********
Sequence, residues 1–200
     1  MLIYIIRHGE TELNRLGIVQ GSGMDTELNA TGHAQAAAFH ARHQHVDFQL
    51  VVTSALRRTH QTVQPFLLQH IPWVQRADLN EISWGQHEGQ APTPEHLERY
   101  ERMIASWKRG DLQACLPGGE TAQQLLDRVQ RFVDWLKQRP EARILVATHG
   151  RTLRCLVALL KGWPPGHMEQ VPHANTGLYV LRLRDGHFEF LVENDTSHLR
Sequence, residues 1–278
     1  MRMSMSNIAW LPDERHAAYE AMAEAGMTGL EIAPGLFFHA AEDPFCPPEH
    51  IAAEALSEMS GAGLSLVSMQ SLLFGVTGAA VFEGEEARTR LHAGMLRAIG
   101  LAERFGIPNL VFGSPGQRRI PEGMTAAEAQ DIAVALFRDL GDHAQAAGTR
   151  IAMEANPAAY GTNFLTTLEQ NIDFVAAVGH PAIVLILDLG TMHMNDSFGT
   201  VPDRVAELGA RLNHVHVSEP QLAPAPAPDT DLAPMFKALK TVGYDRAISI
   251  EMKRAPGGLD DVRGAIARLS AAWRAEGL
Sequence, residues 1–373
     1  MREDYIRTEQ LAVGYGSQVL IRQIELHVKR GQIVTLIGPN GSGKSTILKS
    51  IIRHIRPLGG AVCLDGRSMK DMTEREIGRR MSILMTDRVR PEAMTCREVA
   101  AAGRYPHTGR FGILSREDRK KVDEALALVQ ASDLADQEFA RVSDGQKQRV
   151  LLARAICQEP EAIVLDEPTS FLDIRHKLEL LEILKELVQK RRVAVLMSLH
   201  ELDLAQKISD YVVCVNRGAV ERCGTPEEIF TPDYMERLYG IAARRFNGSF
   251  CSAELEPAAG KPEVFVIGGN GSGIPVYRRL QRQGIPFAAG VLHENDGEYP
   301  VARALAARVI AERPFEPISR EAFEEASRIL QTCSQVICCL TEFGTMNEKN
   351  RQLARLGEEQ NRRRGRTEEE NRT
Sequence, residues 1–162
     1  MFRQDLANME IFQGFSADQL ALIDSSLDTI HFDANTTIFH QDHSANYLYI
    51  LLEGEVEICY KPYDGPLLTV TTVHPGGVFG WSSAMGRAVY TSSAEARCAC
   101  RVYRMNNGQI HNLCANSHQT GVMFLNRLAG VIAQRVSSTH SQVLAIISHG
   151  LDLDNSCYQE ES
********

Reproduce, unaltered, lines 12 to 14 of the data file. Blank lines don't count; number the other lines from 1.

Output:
   251  EMKRAPGGLD DVRGAIARLS AAWRAEGL
Sequence, residues 1–373
     1  MREDYIRTEQ LAVGYGSQVL IRQIELHVKR GQIVTLIGPN GSGKSTILKS